This puts the mental and emotional state of students very much on the table. The premise of the MFA being a kind of “self-realization,” there is an implicit demand that each student provide faculty, visiting artists, and their fellow students with full access to their psychic resources. At the very least, students must adapt to this by balancing openness and self-preservation, often instinctively. The simple demand to constantly make work, the repeated marshalling of the desire that is necessary to produce and repeatedly discuss each piece, is taxing enough. And yet, resisting this imperative is typically read as pathological. To be unable to desire, or to resist desire, is melancholy; and to keep drawing on one’s mental reserves to the point of exhaustion produces depression. The soul at work, indeed.5
Education always has a form of subjection in mind. For the MFA let’s call this subject a swimmer. It’s dangerous to name it like that, to suggest it’s something so concrete, so easy to avoid, but it’s not a question of whether to swim; we’ve already chosen to swim. Resistance seems like the wrong word entirely; it feels more like a delay, to stave it off long enough to let something else happen first, to smuggle something out before letting in the water. There’s some failure inherent in this, a hesitancy regarding development, a footrace in reverse to see how far you can lag behind and still finish.6
As an MFA student, I felt the touch of these processes of subjecthood , neither out of my control nor a fully conscious process. I learned a lot about institutions this way, the way you might learn about a dental tool as it scrapes around your mouth, by haptic instruction. Dentists, or university administrators, in the age of creative destruction are not always “institution building,” at least in the traditional sense. Their role can be just as much to burn a program as to build it, for any number of reasons. Perhaps there is a desire to shift funding, or to change personnel to reflect a new ideological orientation. Whatever the nature of these changes, however, students often have their education defined for them as somehow mutually exclusive with the actions of the administration. Education is not about funding cuts, exploited adjunct faculty, or undergraduate curriculum, so it is of no concern to graduate students, who are, it is implied, unqualified to debate the cuts to their funding, the treatment of their professors, and the way the classes they TA are structured. Innumerable wheels and whirligigs are spinning beyond our limited perspective. The job of the dentist is to deal with those things; the patient must hold still or she’ll muck everything up.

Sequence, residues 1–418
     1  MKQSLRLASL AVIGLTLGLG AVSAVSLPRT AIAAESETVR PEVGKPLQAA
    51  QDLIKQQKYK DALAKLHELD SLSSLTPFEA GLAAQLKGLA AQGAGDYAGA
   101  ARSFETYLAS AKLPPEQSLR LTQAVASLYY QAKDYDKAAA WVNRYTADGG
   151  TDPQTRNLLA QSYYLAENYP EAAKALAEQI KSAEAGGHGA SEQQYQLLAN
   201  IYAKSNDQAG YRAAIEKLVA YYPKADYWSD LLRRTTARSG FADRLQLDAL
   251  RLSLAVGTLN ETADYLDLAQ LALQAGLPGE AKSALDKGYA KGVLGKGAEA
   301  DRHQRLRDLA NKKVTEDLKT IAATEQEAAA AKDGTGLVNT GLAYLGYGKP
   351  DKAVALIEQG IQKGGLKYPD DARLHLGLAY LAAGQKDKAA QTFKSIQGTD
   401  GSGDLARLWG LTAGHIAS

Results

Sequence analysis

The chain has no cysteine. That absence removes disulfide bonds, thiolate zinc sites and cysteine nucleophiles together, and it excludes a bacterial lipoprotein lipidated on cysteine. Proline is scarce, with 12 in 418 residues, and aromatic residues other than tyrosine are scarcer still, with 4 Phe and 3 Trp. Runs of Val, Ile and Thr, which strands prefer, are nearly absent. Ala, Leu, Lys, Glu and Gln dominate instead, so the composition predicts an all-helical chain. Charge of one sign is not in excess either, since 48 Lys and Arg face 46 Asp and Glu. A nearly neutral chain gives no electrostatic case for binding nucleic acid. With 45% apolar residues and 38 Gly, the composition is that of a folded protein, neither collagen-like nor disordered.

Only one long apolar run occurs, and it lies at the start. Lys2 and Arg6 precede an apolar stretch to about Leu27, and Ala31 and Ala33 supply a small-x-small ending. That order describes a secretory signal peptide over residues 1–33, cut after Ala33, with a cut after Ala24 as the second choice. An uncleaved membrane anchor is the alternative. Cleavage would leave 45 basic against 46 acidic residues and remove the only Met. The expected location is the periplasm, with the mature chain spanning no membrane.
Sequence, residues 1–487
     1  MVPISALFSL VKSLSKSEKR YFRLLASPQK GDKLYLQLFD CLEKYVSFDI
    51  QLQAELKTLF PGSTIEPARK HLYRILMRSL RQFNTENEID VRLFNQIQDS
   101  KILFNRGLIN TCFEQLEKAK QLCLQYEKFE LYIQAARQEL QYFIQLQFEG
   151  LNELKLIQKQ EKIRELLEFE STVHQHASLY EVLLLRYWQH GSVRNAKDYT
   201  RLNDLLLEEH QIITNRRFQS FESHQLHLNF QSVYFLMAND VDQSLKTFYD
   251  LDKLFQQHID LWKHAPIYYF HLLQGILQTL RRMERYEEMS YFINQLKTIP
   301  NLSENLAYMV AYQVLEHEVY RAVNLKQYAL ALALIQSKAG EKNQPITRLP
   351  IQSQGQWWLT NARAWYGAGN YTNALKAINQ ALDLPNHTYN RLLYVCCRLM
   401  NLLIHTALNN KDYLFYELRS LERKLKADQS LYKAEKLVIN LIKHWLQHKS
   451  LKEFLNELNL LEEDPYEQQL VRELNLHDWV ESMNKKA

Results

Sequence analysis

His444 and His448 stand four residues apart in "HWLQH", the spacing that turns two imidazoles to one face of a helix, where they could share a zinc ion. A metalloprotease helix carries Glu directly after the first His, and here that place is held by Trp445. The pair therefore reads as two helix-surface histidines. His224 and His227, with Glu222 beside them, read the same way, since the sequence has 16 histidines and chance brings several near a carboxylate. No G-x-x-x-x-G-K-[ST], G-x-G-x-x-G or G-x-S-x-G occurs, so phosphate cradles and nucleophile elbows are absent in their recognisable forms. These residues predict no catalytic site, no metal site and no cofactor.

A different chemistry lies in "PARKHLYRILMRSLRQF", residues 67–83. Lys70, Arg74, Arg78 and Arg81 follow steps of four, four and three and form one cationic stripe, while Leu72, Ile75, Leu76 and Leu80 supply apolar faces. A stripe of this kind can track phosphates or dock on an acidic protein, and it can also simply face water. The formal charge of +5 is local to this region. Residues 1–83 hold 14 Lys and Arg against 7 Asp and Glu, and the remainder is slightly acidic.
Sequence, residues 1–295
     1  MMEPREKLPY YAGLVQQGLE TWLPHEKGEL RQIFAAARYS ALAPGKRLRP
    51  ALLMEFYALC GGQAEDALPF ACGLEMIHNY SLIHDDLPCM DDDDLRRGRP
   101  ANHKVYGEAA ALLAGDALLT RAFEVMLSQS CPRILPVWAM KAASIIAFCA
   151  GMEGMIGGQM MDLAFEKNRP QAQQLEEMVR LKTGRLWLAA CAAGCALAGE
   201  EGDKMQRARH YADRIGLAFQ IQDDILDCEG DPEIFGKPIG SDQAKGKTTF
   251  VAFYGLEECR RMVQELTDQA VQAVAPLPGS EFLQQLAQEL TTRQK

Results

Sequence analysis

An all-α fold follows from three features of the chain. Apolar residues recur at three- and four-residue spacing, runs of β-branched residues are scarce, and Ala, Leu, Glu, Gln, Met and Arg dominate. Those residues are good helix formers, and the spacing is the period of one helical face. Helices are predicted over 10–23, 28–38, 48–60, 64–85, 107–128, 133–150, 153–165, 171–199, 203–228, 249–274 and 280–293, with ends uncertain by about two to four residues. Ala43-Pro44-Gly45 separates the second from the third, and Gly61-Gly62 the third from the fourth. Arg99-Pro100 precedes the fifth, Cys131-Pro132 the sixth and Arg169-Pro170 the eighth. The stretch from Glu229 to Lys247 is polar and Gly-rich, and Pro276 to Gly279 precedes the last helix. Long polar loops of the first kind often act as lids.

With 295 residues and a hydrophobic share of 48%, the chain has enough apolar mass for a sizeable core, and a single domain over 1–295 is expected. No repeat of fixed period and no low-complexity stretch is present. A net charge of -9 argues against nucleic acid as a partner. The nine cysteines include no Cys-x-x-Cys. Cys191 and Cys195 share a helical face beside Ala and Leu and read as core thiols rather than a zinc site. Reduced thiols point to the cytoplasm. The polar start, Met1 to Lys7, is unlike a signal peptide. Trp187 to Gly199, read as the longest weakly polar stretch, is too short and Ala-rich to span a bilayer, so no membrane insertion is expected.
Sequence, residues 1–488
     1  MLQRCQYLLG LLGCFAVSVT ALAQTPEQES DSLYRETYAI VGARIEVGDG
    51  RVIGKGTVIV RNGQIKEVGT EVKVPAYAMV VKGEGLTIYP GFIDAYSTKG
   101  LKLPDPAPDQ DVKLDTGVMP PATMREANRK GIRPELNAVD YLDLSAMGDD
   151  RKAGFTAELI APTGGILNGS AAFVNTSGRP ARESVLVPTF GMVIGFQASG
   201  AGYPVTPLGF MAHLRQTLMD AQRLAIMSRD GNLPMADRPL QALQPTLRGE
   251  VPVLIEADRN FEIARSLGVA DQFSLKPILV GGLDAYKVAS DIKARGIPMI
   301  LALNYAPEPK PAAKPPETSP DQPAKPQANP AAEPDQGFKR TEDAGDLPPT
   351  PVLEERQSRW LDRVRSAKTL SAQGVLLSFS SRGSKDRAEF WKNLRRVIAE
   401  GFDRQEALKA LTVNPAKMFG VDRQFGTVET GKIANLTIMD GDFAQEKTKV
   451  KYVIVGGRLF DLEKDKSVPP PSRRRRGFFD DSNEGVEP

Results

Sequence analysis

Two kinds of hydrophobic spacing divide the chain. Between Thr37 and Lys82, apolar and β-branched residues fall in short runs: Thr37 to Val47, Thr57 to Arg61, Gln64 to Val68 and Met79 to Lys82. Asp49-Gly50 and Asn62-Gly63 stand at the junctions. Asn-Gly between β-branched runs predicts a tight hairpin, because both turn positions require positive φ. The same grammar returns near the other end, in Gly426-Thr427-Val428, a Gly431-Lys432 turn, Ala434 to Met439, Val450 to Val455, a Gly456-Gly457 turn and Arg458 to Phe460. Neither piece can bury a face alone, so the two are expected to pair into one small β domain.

“Perspective” is thus what the students are told they lack; and unlike ignorance (the lack that frames them as students to be taught), perspective is not something they are expected or allowed to attain. Universities uphold the very fallacy that Fraser tried to dispel, that the functioning of power and education lie on opposite sides of administration and never meet, that institution building and soul forming are separated by a firewall of know-betters.
As my classmates and I began to have conflicts with our school, our response reflexively tied these aspects together. Yes, we have no perspective, just our own. No, we don’t care about running an institution, but about the institution running around inside us. We required a subjectivity of our own, a truly institutional soul, and the soul of an institution, which we called Collective Dean.
Created and sustained by the MFA students during her two year lifespan, Collective Dean (CD) began when the actual Dean of the art school abruptly took leave after two years of contentious relations with faculty, students, and staff. Beginning simply as a name, but one with its own amorphous demands, CD didn’t have any specific purpose, except that by being named it somehow needed to exist; and it should live up to this name, which somehow suggested both an ideal Dean and an indictment of the notion of Deanship itself.